Forgive others, Elder Holland says

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    JERRY M. GOWE

    Peace and good tidings are the ultimate blessings that the gospel of Jesus Christ brings a troubled world and the troubled people who live in it, said Elder Jeffrey R. Holland, a member of the Quorum of the Twelve Apostles.

    In his address in the Sunday afternoon session of the 166th Semiannual General Conference, Elder Holland said members of The Church of Jesus Christ of Latter-day Saints are blessed to be able to hear inspired teachings from a prophet of the Lord.

    “A general conference of the church is a remarkable occasion indeed –an institutional declaration that the heavens are open, that divine guidance is as real today as it was for the ancient House of Israel, that God our Heavenly Father loves us and speaks His will through a living prophet,” Elder Holland said.

    Elder Holland said Christ’s merciful promise of peace in this world inspires members to give thanks for the restoration of His true and living church, but there are times in life when every member searches for this peace.

    “But there are times in all of our lives when deep sorrow or suffering or fear or loneliness makes us cry out for the peace which only God can bring. These are times of piercing spiritual hunger when even the dearest friends cannot fully come to your aid,” Elder Holland said.

    There are many members in the world that worry about their health or their happiness or their faithfulness in keeping the commandments, he said.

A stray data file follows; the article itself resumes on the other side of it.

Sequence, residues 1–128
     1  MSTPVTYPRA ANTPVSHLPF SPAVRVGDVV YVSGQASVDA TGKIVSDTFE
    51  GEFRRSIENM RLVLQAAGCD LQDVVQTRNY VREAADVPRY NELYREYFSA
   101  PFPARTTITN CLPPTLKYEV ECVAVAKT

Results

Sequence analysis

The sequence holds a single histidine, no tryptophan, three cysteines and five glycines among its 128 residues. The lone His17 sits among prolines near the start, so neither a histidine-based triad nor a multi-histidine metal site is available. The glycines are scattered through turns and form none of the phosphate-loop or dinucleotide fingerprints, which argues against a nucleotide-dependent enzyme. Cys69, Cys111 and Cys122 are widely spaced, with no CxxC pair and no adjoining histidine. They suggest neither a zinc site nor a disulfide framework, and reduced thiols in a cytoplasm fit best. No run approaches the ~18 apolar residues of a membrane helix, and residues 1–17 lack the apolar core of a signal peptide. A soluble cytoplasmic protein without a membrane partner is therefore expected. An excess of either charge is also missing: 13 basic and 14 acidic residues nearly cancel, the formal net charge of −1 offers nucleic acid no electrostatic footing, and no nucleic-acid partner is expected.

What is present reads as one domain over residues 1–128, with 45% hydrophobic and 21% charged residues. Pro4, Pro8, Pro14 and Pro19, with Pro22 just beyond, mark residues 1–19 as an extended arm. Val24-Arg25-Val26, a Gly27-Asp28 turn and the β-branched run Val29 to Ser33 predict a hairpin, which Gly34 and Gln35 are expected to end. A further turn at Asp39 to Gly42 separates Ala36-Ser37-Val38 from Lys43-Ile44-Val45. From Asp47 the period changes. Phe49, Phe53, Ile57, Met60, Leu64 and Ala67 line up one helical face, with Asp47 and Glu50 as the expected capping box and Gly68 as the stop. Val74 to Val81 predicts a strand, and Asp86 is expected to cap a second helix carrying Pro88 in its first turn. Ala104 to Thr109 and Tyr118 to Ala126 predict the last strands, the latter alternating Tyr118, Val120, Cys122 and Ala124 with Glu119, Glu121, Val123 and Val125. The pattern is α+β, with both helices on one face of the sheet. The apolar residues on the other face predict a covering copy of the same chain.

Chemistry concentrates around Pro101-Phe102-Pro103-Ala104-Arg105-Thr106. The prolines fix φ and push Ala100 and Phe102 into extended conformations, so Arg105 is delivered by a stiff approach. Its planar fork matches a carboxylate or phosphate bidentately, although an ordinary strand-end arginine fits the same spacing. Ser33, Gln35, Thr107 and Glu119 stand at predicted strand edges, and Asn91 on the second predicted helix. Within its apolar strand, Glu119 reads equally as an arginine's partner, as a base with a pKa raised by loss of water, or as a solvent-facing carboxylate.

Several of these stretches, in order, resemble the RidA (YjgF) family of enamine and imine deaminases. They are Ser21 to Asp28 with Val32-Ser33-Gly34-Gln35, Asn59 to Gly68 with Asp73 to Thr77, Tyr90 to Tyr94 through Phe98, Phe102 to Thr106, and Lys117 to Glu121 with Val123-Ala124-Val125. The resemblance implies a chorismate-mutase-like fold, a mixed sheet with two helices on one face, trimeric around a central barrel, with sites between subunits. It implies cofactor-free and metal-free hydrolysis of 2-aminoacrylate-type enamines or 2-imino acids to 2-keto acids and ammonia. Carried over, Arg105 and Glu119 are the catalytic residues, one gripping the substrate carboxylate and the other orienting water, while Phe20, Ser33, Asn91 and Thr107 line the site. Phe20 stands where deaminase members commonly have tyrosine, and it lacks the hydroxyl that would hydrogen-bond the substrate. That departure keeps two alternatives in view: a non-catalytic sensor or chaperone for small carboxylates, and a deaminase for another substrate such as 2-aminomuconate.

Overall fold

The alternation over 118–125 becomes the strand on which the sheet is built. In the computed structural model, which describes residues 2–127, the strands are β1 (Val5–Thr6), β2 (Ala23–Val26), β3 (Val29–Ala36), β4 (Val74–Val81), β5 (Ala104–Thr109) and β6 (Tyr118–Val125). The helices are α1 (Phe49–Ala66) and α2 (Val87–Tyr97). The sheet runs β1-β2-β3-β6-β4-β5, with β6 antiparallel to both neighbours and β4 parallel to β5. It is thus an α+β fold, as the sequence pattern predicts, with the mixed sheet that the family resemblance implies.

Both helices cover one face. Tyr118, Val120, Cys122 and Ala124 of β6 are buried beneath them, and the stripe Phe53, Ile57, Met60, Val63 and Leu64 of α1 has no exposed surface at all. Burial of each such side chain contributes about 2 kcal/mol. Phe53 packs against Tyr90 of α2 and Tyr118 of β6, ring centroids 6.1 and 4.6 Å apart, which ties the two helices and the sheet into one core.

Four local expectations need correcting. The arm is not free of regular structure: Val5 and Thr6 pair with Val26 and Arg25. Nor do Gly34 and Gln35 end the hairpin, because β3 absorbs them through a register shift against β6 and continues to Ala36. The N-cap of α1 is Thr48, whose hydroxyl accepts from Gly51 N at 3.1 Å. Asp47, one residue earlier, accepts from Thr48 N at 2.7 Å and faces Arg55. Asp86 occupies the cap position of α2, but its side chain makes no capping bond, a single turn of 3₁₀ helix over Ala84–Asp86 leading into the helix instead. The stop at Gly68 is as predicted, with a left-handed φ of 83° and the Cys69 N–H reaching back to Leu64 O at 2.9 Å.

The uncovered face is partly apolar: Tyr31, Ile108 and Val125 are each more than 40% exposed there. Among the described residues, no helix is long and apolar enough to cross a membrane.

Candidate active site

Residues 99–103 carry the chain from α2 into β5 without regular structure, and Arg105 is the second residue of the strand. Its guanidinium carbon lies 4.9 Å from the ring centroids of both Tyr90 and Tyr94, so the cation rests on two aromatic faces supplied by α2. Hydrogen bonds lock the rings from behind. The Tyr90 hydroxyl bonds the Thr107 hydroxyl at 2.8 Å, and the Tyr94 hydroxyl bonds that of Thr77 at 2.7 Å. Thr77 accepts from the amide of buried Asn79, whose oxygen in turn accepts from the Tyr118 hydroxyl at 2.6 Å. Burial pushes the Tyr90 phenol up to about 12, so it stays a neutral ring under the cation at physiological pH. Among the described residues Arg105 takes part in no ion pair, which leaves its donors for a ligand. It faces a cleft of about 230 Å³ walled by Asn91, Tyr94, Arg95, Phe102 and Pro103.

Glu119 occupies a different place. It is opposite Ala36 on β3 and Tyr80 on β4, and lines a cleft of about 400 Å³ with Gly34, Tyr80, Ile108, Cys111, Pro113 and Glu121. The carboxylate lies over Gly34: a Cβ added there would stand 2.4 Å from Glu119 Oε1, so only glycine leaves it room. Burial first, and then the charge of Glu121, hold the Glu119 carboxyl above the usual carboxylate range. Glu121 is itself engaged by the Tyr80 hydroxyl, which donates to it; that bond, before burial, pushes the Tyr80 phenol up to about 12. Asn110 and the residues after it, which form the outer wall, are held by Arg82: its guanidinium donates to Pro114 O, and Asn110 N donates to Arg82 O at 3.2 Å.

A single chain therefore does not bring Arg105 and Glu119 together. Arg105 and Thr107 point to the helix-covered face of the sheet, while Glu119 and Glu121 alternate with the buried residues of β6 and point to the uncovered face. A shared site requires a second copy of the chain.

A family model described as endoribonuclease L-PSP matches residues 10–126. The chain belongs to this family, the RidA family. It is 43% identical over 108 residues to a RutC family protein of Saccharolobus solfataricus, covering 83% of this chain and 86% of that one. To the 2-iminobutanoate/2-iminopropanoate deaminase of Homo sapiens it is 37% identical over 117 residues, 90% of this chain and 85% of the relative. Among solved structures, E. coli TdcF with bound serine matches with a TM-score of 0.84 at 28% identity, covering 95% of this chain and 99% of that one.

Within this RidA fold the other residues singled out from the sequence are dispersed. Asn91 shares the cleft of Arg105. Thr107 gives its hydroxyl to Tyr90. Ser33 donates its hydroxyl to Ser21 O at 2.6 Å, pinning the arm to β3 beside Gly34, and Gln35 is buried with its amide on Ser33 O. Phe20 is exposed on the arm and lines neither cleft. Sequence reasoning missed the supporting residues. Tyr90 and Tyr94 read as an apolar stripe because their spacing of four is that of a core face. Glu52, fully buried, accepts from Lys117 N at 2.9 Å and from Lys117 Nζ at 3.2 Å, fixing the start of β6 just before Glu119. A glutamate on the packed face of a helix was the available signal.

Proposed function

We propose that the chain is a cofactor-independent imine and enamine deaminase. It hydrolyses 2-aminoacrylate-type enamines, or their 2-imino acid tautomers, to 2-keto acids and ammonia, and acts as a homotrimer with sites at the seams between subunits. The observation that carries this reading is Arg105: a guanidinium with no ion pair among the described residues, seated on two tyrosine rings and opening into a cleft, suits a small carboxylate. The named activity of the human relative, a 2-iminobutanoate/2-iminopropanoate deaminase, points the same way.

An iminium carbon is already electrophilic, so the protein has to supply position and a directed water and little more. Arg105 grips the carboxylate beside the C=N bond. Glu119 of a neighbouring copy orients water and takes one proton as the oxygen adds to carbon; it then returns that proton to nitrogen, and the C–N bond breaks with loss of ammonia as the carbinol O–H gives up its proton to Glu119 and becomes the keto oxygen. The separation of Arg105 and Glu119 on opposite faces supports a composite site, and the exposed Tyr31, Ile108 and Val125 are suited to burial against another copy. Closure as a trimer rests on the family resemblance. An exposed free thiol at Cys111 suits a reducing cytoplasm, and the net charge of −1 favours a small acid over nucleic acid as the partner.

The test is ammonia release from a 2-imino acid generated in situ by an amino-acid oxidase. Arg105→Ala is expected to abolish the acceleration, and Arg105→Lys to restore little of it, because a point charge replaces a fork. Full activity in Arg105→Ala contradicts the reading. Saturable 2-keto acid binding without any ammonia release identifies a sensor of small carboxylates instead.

“Sometimes only then do the rest of us realize they feel near the end of their strength — tired in brain and body and heart, wondering if they will get through another week or another day or sometimes just another hour,” Elder Holland said. “They are desperate for the Lord’s help and know that in such times of extremity nothing else will do.”

    Elder Holland said there is help available.

    “The Lord is equally fervent in trying to reach you, that when there is trouble His hopes and His striving and His efforts greatly exceed our own and it never ceases. We have been promised, ‘He that keepeth [us] will not slumber … nor [will he] sleep,'” Elder Holland said. “Christ and His angels forever labor to buoy up our spirits, steady our nerves, calm our hearts, and send us forth with renewed strength and resolute hope.”

    Elder Holland said members can change and make a greater effort in gospel living through repentance.

    “The very beauty of the word ‘repentance’ is the promise of escaping old problems and old habits and old sorrows and old sins,” Elder Holland said. “It is among the most hopeful and encouraging — and yes, most peaceful — words in the gospel vocabulary.”

    The first pressure members feel when being drawn to the “bosom of God” is repentance, Elder Holland said.

    “For real peace may I recommend an immediate rush toward the bosom of God, leaving behind all that would bring sorrow to your soul or heartache to those who love you,” Elder Holland said.

    Elder Holland said it is equally important to forgive others and resist the longing to remember offenses they have caused.

    “Life is too short to be spent nursing animosities or in keeping a box score of offenses against us — you know, no runs, no hits, all errors. We don’t want God to remember our sins, so there is something fundamentally wrong in our relentlessly trying to remember those of others,” Elder Holland said.

    Elder Holland said life has its moments when uninterrupted peace may seem to elude members. However, members should remember that life without problems or limitations or challenges would be less rewarding.

    “I know that in times of fear or fatigue ‘they that wait upon the Lord shall renew their strength; they shall mount up with wings as eagles; they shall run, and not be weary; and they shall walk and not faint,'” Holland said.

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